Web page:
Find the EGU on

Tag your tweets with #EGU16

GM9.4/BG7.6/HS11.17

Measuring, monitoring and modeling the link between Large Wood and riverine environments (co-organized)
Convener: Lorenzo Picco  | Co-Conveners: Luca Mao , Bruno Mazzorana , Andrés Iroumé , Virginia Ruiz-Villanueva , Bartłomiej Wyżga 
Posters
 / Attendance Wed, 20 Apr, 17:30–19:00  / Hall X1
During the last couple of decades there has been an increasing attention on Large Wood in riverine environments. Because of the continuous interaction between water, riparian areas, and vegetated patches, there are many different relationships between floods, sediment fluxes and LW production and transport. In-channel wood increases the structural and geomorphic complexity of river corridors and plays an important role in supporting their biodiversity and ecosystem functioning. However, in-channel wood may also induce risks for human populations, reducing channel conveyance and damaging structures. In order to ensure the positive contributions of LW to river ecosystems, and minimize potential risks, an integrated approach to wood management along the entire river continuum is needed. The amount of LW in rivers depends on a complex balance of wood input/recruitment, output/transport, and decay. The ability to monitor and model wood dynamics is essential for improved management the fluvial systems. Several new surveying techniques have been developed during the last years, e.g. video monitoring, radio transmitters, tracking devices, as well as flume and numerical modeling.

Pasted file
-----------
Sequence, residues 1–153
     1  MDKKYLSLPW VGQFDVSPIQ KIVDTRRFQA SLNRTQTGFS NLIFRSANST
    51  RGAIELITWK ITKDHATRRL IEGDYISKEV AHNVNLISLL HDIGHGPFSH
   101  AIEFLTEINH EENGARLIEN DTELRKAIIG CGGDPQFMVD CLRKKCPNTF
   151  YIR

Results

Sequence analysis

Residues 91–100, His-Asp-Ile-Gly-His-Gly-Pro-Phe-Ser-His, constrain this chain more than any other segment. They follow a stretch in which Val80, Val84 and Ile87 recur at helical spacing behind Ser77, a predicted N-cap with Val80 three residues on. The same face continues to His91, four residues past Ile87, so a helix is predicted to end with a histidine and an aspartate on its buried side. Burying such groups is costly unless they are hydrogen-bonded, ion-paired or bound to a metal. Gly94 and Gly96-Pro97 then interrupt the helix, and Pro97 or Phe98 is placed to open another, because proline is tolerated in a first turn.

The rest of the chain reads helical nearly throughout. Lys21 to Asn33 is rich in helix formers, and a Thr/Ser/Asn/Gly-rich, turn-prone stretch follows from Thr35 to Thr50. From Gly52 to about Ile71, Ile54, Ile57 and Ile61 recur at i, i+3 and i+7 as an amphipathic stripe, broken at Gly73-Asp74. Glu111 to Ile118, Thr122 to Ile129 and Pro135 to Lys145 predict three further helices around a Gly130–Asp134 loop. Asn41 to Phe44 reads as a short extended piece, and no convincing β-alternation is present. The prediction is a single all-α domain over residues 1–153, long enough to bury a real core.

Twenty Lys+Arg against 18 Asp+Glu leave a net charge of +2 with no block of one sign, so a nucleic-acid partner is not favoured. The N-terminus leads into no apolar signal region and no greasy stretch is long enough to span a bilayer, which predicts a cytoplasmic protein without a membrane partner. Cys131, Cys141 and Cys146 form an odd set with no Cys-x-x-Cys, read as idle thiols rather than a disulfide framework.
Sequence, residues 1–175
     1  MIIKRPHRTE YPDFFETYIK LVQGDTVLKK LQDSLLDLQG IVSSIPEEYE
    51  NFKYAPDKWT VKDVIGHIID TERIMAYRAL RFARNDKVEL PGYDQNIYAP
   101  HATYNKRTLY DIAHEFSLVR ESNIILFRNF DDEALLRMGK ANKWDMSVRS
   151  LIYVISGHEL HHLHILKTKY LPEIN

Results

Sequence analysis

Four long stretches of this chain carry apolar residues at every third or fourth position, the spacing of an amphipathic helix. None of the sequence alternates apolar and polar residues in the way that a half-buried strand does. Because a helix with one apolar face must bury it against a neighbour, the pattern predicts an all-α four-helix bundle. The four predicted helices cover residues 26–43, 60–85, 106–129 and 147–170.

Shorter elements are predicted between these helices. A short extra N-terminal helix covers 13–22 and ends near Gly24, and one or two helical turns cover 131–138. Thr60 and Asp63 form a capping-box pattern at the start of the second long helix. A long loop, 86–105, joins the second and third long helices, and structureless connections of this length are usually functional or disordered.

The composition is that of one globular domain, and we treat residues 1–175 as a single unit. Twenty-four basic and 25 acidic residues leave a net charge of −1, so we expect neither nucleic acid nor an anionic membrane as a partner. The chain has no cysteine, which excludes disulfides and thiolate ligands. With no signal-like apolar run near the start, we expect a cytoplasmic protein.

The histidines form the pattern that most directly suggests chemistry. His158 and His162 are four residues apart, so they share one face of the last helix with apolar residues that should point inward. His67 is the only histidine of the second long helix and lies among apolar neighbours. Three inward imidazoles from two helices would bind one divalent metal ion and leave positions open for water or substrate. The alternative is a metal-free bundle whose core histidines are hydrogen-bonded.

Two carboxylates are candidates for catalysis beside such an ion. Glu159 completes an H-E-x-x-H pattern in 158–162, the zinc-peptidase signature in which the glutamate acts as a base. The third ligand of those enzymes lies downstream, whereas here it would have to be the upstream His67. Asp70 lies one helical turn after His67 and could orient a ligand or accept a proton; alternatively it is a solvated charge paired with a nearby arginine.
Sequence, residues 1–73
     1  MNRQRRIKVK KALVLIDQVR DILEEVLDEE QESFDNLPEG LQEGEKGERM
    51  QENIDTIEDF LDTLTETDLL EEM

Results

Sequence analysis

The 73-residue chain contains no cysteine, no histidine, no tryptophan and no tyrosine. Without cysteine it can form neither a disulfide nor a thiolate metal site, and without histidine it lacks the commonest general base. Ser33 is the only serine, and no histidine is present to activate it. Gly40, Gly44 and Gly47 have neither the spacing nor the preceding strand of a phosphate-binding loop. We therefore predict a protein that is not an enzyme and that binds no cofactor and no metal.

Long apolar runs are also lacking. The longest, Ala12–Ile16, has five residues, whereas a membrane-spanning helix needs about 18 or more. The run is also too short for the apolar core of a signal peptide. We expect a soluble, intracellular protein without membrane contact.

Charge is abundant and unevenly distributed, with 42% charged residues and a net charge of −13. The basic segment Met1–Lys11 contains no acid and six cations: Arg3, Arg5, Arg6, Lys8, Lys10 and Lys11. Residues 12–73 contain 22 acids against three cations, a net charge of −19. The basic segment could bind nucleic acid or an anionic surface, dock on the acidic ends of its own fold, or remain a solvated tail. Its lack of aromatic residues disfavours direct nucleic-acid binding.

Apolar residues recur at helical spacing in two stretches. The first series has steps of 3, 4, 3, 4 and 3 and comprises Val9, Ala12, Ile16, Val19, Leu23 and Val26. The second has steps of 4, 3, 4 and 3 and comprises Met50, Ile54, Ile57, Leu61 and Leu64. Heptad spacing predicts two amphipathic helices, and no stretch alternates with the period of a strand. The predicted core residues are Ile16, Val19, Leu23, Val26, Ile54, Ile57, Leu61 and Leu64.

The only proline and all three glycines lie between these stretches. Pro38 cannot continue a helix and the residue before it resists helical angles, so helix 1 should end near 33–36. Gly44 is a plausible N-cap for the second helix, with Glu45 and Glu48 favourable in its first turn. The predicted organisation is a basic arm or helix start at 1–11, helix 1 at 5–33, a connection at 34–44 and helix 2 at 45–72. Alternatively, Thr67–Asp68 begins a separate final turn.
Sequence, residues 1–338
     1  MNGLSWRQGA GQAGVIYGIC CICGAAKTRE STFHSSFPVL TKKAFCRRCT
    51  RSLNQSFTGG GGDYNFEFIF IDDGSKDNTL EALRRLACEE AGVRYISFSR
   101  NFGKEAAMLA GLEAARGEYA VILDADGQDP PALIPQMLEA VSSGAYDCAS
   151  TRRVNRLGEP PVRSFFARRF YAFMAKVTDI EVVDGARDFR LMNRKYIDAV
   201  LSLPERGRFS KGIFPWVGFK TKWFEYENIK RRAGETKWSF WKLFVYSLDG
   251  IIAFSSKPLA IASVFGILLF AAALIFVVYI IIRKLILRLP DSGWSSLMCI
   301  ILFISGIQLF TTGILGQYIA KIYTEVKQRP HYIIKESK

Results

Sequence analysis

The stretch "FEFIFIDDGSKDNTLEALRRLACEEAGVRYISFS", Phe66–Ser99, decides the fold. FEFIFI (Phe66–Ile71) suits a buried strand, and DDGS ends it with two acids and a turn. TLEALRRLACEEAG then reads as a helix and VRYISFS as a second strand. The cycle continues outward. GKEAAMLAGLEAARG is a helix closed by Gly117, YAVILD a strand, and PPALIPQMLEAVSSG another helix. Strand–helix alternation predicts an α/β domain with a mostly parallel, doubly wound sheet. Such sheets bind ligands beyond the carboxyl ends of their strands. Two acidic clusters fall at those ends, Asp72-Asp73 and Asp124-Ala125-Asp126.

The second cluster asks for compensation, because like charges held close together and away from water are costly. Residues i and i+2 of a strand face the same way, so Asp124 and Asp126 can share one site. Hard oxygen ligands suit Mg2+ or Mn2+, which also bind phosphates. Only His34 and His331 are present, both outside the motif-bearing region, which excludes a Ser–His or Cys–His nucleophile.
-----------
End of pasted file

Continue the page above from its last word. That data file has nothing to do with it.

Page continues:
The purpose of this session is to disseminate the emerging perspectives related with in-stream wood, and to stimulate the debate connecting the LW to ecology, geomorphology and management of rivers. The session particularly invites recent works on new advances on the understanding of the interactions between LW and the riverine ecosystem (nutrient and energy cycle, creation of habitats, sources of food for different organisms...); new advances in techniques for wood monitoring and modeling (tracers, monitoring techniques, flume and numerical modeling.); on LW dynamics (recruitment, transport, deposition…); and on the management of LW on catchment and river corridor scales.